Alluding to the financial whiz kids whose complex derivatives had disastrous global spillover effects, this stop motion film traces the origin of call options to the tulip bulb market of ... See full summary »
A former banker in Germany, who entered the business with the advent of modern computer systems reminisces of his working years in some of the world-leading banking corporations. His narration outlines the typical paradigm of the professional and personal life of a bank's employee, along with the ethical dilemmas they often faced. Also, he shares his views on the dynamics in financial markets and recession. Written by
After his 2011 fiction movie "Das System - Alles verstehen heißt alles verzeihen", director Marc Bauder is back to his origins: the documentary genre. Here he gives us an insight into the common procedures in the financial world. The whole film, slightly under 1.5 hours, was shot in an office building which has been empty for a couple years now since the major fusion of two companies. And as the setting stays the same, so does the interviewee. From start to finish, we basically have Rainer Voss, a man in his early 50s, who has been part of the business world in an elevated position for decades until being "let go" recently, tell us about how things really work and what the current climate in that area is like. I have to admit that economy isn't exactly one of my most passionate areas and this documentary couldn't spark my interest either.
The protagonist is quite an interesting character though. Obviously he knows a great deal on the subject and is not shy of letting the viewer know. Occasionally, it seems almost arrogant, but there's also parts when it's pretty interesting as well. Here and there it got too scientific and he lost me, but the best parts were when he told about the interpersonal relationships and to what extent they do or do not actually exist until everybody inevitably gets flushed out of the whole process when they reach a certain age. Still they make a lot of money to that point. He tells that he made from his very first day in the business world more money than his craftsman father made before he went into retirement. Sometimes you could still see the ways of self-promotion in Voss' mannerisms that probably brought him as high up to where he got and it was all too self-centered to my taste, but you could also see that his profession sort of robbed him of all his illusions. Another thing I disliked was the way the interviewer (director?) handled the situation. I think it's better if we either don't hear him at all, even if he asks questions or if we hear him frequently. However, we hear him very rarely which I found a bit of a distraction and when he asked something it was mostly not fitting in a journalistically interesting way, but just digging deeper into the previous question which we may not even have heard before.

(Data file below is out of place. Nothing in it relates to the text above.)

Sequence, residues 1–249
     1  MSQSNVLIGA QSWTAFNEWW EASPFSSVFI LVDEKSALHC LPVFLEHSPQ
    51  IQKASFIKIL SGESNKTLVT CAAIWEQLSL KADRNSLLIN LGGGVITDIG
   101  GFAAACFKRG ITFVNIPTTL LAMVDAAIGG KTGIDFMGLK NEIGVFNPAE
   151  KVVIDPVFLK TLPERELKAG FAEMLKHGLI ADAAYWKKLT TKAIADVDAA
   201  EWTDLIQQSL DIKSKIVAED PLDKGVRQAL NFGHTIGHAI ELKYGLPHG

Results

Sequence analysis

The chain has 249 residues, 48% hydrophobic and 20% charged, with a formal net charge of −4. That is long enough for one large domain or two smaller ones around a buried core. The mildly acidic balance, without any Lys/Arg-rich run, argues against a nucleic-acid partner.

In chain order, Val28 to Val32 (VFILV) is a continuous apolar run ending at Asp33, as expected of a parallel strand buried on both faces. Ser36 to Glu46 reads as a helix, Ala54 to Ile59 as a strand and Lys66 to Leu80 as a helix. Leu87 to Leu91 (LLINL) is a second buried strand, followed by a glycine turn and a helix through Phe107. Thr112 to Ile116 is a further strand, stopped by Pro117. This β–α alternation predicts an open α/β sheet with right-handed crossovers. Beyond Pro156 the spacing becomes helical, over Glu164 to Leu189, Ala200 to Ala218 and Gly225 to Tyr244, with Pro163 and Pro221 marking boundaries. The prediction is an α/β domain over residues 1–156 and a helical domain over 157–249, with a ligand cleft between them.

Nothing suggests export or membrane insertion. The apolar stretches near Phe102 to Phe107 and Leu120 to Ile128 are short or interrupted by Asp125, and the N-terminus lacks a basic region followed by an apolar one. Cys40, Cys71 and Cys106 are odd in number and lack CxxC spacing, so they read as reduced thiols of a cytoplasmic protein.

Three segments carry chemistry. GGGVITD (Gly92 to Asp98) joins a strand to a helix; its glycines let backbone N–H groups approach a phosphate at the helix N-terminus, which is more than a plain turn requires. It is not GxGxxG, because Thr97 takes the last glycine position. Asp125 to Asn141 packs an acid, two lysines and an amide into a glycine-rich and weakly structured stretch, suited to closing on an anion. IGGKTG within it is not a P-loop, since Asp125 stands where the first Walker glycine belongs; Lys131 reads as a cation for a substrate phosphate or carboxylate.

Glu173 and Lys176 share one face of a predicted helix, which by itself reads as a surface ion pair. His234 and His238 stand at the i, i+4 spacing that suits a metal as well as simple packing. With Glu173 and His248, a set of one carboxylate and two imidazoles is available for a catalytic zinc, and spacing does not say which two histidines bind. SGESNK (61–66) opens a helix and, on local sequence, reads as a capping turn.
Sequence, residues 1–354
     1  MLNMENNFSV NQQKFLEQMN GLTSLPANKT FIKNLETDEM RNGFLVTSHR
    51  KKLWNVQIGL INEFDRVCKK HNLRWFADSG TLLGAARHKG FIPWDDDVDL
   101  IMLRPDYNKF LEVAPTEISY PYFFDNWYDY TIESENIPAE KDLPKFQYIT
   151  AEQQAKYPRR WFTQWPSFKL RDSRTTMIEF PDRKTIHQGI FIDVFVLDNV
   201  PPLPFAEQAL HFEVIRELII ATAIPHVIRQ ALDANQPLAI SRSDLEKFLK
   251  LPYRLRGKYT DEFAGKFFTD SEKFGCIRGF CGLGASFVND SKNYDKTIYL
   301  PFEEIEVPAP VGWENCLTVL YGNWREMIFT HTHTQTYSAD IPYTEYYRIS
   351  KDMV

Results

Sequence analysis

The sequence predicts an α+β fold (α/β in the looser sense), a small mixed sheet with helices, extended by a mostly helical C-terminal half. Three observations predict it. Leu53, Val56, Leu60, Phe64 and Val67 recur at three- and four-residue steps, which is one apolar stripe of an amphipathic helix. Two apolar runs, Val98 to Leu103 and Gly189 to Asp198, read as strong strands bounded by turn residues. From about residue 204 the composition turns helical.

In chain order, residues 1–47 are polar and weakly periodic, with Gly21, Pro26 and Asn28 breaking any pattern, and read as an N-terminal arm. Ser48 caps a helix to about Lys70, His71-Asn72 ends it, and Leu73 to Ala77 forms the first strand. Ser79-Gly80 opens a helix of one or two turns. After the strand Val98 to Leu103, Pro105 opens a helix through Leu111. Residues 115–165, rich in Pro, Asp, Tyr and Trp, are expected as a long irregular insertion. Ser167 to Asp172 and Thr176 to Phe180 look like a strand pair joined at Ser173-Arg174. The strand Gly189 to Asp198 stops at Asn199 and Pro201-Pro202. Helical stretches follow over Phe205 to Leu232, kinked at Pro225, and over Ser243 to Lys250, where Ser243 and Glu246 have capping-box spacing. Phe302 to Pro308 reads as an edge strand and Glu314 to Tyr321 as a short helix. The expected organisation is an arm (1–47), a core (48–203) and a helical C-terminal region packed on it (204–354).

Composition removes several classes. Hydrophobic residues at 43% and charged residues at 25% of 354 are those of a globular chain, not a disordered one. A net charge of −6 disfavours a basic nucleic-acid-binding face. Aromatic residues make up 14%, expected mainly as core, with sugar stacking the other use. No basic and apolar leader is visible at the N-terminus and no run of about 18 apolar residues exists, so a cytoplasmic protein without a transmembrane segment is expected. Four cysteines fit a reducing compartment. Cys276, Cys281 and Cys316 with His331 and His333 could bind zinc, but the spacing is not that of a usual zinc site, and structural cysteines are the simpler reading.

I'd really only recommend this movie to people with great interest into economics, maybe especially those who studied it. I'm curious if his prediction about France being the next bigger domino to fall will become reality. The one thing I take from this documentary is that it's indeed always the more kissing upwards and kicking downwards the more money is involved and it's an environment I wouldn't want to imagine working in.
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